How to chase pipes into a wall
Hide unsightly pipework with our how to chase pipes into a wall guide. With tips and guidance on chasing radiator, heating & waste pipes, plus average prices.
We all rely on indoor plumbing to allow us to use water in different rooms of our homes. From radiators to sinks, showers and toilets, these pipes are essential for modern day living.
However, no one wants visible pipes covering their walls and a great solution to this is pipe chasing. For this reason, learning how to chase pipes into a wall is a great skill to learn that can keep your home looking its best.
Never heard of the expression ‘chasing pipes into a wall’? No problem, this guide is full of information and advice, perfect to teach you more about how to chase pipes into a wall. We’ll also be covering how to deal with radiator and waste pipes specifically, as well as giving some average prices.
What is chasing?
Purely for aesthetic reasons most homeowners choose to hide their pipes behind walls. This is called chasing. Resting behind plasterwork, these pipes can still do their job without affecting the appearance of a room.
How to chase pipes into a wall
Whenever you install an item in your home that needs to be plumbed in, you have a few different options for what to do with the pipes.
- One choice is to leave them on show, which can work well if you want to create an industrial feel to your home.
- Another option is to box them in, which can look great if done professionally.
- And your final option is chasing the pipes into a wall.
The process of chasing pipes into a wall isn’t too complicated but does need to be done with care to avoid any accidents. Damaged pipes will cause leaks with potentially disastrous consequences.
Whether it’s for pipework or electrical conduit, the method of chasing is the same.
Here’s what you need to get started:
- Safety equipment such as goggles and gloves
- Pipe and cable detector
- Angle grinder with cutting disc
- Chase-cutting tool (optional)
- Cold chisel
- Copper piping
- Pipe clips
- Foam pipe insulation or gaffer tape
- Your choice of filler, such as one-coat plaster
5 steps to hide your pipes in the wall
Before you do anything, check there aren’t pipes or cables already chased into the spot you intended to chase by using a pipe and cable detector.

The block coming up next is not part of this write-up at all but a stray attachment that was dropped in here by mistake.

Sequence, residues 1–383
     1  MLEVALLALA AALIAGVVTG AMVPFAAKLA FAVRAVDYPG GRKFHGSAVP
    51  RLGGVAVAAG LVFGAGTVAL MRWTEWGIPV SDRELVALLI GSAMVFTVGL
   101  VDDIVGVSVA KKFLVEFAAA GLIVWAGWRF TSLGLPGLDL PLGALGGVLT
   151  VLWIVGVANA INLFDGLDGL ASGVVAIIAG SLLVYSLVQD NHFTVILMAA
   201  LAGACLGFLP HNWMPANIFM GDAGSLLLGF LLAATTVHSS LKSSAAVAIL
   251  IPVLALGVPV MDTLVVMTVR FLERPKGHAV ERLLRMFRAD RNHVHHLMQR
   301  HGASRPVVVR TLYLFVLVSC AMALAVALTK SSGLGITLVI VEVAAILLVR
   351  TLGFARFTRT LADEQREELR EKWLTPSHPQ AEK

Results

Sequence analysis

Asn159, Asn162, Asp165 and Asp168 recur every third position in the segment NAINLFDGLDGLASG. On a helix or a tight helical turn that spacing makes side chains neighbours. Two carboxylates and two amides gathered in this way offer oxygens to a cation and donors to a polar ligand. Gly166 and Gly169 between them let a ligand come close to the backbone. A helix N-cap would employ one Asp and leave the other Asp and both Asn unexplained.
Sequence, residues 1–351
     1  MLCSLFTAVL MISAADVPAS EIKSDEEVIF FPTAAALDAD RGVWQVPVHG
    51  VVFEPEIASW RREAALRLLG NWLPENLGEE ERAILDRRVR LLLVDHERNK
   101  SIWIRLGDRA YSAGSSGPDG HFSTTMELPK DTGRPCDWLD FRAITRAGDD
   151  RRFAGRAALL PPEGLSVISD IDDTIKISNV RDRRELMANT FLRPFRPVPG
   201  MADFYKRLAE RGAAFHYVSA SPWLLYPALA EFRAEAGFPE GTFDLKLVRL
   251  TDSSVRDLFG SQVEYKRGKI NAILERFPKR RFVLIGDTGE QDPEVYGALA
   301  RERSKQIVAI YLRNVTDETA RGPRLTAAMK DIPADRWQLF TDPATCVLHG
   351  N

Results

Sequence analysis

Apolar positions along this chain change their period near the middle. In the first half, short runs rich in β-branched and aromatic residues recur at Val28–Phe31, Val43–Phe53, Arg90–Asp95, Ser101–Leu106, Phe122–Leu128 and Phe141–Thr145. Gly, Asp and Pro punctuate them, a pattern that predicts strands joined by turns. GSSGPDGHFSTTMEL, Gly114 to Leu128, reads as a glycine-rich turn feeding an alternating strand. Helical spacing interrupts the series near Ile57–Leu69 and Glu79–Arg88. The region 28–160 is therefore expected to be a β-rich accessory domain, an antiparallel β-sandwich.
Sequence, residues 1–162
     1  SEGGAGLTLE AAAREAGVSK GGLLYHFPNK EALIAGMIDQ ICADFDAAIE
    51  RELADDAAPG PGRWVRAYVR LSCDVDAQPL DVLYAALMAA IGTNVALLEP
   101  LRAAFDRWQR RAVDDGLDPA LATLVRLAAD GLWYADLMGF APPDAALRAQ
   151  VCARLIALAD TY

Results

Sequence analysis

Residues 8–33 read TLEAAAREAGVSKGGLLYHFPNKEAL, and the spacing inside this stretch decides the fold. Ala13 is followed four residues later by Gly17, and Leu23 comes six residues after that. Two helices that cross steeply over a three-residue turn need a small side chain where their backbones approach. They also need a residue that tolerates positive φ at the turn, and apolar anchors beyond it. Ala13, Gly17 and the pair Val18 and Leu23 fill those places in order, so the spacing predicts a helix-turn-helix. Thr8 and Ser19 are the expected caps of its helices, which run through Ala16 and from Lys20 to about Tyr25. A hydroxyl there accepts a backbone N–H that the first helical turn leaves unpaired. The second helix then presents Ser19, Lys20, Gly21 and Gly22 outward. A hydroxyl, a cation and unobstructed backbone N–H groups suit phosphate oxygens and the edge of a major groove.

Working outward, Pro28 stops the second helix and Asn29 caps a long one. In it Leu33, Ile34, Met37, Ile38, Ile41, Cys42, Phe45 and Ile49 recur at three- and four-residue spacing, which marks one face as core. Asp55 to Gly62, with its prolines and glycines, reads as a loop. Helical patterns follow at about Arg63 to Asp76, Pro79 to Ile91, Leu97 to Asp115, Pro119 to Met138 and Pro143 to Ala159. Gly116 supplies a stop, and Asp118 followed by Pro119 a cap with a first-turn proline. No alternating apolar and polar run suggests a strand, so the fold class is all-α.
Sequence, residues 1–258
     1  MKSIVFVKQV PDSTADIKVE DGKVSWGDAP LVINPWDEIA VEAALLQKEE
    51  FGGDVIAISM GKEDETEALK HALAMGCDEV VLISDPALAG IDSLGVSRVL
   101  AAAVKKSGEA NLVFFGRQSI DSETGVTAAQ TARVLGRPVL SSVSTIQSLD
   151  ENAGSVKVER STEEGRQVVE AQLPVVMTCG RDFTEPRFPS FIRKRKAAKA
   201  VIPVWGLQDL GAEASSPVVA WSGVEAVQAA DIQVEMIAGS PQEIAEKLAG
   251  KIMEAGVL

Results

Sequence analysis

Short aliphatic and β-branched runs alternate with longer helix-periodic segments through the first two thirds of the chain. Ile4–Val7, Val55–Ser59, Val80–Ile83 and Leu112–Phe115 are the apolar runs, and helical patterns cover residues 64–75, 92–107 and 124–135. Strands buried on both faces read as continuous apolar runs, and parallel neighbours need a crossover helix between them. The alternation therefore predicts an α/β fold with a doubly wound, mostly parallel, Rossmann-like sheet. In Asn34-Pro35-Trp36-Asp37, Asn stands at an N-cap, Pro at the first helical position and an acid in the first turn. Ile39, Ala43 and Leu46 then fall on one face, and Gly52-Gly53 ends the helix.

Always cut a chase vertical or horizontally, never diagonally. This reduces the chances of someone driving a nail into cables or pipes in the future. If making a vertical chase, the chase should not be deeper than a third of the wall’s thickness. If it’s a horizontal chase, the chase should not be deeper than a sixth of the wall’s thickness. This is because a horizontal chase weakens the structure of the wall more than a vertical chase.
Top tip: If you are going to chase two sides of the same wall, ensure the chases are in different positions and not back to back, as you could end up cutting right through the wall.
We recommend marking out your chase lines with a pencil and tape measure so you can create a straight chase, otherwise, you could create an unsightly mess of your walls. Ensure the width and depth of the chase will fit your pipework with enough space for filler over the top.
Using your angle grinder, set the cutting discs to the right depth before running the grinder up and down, or across, the two parallel cuts. If your grinder allows you to plug a vacuum hose into the end, this will help clear some of the dust, but be sure to take safety precautions.
Top tip: Think safety and use gloves and goggles when using an angle grinder. Be extremely careful when operating the power tool as it could cause injury to yourself or create an untidy finish on your walls.
Once the chasing is cut, it’s now a case of knocking out the waste material between the parallel lines using a cold chisel, which shouldn’t be too hard as long as the chase isn’t too wide. For this stage, most professionals will have a chase-cutting tool that can be fixed to the end of an electric drill to make this process easier and quicker.